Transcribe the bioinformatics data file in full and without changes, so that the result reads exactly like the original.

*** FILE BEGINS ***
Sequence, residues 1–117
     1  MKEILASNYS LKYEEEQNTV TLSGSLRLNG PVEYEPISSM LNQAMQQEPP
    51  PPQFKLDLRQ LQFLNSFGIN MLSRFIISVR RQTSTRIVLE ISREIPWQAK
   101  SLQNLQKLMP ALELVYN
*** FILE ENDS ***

Sequence, residues 1–117
     1  MKEILASNYS LKYEEEQNTV TLSGSLRLNG PVEYEPISSM LNQAMQQEPP
    51  PPQFKLDLRQ LQFLNSFGIN MLSRFIISVR RQTSTRIVLE ISREIPWQAK
   101  SLQNLQKLMP ALELVYN